Why Does the U.S. Military Let Defense Contractors Get Away With So Much?

Photograph Source: Travis Wise – CC BY 2.0

In my previous article, “The F-35: Sales to Allied Countries Don’t Mean It’s a Great Plane”, I discussed how corrupt American defense contractors can be, even bribing foreign officials to encourage them to accept deficient aircraft like the F-104 and possibly the F-35. My interest in corruption in the MIC dates back to the days when my late father, a pilot in the Canadian Armed Forces, was involved in flight testing of the Canadian version of the Lockheed P-3 Orion, the CP-140 Aurora, from 1978 to 1981 at the Lockheed facility in Burbank, California. The CP-140 was a vast improvement over the USN’s P-3 and was the subject of envy from USN officers visiting the complex.

Reading an undated paper about those days by Major John Bernard, a Canadian pilot who had graduated from the US Navy’s Test Pilot School, I was intrigued to hear that the Canadian military, at least at that time, had much higher standards than the USN when it comes to accepting new aircraft fresh off the assembly line. In his words “I think everyone fondly remembers the faces of Lockheed management when we returned from our first acceptance flight and said, ‘Now, this is what you have to fix before the next flight.’  Up to that point, their only customer, the USN, had cheerfully accepted what the company offered and then corrected the outstanding deficiencies at their overhaul depots. But not those pesky Canadians. My log book shows as many as six acceptance flights on some aircraft before we were willing to sign for them.”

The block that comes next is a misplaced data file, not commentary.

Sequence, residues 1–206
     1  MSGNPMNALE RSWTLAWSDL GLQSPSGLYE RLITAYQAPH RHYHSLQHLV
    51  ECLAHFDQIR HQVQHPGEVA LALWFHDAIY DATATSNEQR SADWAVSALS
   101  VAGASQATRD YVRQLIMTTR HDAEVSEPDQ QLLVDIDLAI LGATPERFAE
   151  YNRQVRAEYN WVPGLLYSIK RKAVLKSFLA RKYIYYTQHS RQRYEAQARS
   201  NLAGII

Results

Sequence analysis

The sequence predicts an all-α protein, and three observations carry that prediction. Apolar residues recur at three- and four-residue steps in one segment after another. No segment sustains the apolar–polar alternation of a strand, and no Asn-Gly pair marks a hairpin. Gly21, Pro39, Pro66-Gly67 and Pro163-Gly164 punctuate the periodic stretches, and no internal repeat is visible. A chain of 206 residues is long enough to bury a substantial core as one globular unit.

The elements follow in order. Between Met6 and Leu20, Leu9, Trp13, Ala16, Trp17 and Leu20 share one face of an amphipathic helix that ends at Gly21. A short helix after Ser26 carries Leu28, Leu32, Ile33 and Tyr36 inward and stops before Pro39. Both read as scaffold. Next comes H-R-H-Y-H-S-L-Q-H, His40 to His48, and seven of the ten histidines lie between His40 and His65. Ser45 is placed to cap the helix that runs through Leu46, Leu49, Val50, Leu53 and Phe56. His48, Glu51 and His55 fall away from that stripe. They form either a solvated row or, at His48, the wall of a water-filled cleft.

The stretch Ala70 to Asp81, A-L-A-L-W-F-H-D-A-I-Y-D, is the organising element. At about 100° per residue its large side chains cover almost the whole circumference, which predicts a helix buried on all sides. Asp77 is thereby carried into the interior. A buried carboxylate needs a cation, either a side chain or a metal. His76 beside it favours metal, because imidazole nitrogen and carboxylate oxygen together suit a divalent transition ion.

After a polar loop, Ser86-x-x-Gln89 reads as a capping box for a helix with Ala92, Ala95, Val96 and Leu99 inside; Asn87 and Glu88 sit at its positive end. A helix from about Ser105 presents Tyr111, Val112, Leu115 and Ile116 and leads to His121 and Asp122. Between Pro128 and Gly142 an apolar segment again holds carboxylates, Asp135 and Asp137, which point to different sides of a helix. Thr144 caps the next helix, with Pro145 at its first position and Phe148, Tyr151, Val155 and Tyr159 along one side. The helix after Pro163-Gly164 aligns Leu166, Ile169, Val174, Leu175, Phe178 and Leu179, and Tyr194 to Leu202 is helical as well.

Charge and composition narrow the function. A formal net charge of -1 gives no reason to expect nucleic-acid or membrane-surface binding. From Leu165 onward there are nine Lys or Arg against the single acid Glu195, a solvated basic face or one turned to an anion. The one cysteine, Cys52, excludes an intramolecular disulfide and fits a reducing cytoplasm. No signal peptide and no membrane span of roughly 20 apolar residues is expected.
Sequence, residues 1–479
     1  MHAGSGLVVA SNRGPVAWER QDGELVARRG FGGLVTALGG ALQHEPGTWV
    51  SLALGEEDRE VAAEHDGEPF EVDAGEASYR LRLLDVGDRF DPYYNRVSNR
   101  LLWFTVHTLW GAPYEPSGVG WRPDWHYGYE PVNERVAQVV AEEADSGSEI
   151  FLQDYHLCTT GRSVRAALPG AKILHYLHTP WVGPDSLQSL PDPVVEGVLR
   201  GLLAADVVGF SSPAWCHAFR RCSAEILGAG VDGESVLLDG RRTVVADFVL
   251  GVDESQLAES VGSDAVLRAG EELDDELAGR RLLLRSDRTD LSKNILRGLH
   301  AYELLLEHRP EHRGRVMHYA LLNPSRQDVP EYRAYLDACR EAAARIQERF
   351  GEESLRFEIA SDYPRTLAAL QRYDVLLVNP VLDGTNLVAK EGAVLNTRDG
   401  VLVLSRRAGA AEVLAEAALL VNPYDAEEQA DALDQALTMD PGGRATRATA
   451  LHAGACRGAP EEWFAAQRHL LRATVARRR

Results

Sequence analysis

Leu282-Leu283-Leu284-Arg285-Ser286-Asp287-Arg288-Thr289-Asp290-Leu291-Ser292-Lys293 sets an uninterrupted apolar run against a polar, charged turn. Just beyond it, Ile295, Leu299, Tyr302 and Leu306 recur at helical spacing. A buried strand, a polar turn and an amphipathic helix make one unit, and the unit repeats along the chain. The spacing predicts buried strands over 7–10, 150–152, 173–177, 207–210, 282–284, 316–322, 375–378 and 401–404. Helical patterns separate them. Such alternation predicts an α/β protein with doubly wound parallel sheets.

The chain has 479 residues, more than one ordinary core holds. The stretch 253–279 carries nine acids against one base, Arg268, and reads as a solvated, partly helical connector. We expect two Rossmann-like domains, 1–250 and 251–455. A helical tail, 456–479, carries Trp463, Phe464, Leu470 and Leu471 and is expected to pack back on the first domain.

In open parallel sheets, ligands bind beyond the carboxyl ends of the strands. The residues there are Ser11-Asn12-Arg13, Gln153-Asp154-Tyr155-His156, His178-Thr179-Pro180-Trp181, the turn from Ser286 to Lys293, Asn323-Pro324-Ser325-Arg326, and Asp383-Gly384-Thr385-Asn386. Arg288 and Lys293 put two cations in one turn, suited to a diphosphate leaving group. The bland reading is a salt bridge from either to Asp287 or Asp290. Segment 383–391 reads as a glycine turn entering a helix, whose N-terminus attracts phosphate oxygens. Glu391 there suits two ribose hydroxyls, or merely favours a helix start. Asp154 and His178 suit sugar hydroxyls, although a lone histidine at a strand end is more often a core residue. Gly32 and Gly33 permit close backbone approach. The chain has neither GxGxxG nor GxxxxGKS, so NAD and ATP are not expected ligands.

Why is this? Why did the USN just roll over and accept any piece of junk that Lockheed produced and made the US taxpayers pay for the updates/repairs? Well, this can be easily explained actually. Canada, unlike the US, no longer has a large military aircraft design and production capacity, and therefore many Royal Canadian Air Force pilots don’t end up working on that side of things if they retire early. No, they often end up working as airline pilots. The US, on the other hand, has a massive MIC, probably the largest in the world since World War II, and many retired US pilots are keen to get well-compensated jobs at defense contractors like Lockheed and Boeing, etc. It comes down to this. If a USN officer wants to work for a defense contractor after leaving the service, he or she should not upset the status quo in any way with regard to accepting new aircraft, be it the P-3, the F-35, etc.

Many commentators have complained about this cozy relationship between serving officers and the MIC, and that lousy aircraft get accepted by the service, no questions asked, as a means of pleasing their future employers. I think that explains a lot of it right there.

Is this still going on? I have a hunch it is still very much the case, especially with the F-35. Until the close relations between the services and the MIC are effectively dealt with, and aircraft are properly tested, there’s nothing to dissuade this behavior. I remember a wonderful 1996 documentary by Investigative Reports that was called “Military Weapons: Buy Now, Test Later” that also addresses this issue. The way to solve it I think is to create a new law that requires officers who retired at a rank higher than major or lieutenant commander to not be able to work for defense contractors or forfeit their pensions. This would keep the top brass out of the cycle and encourage high level decisions to enforce standards on accepting new military aircraft.

The fact that Canada was doing this back in the 1970s and 1980s shows just how far behind the US military was, and corrupt too.


Roger Thompson. “The F-35: Sales to Allied Countries Don’t Mean It’s A Good Plane” CounterPunch, December 19, 2022.

Dr. Marshall Michel, “F-104: Germany’s Widowmaker” Spangdahlem Air Base, July 2015.

Major John Bernard, untitled essay about his experiences with Lockheed as a Canadian pilot, date unknown.

Roger Thompson is a research fellow at Dalhousie University’s Centre for the Study of Security and Development, the author of Lessons Not Learned: The US Navy’s Status Quo Culture, a former researcher at Canada’s National Defence Headquarters and Korea’s first Star Trek professor.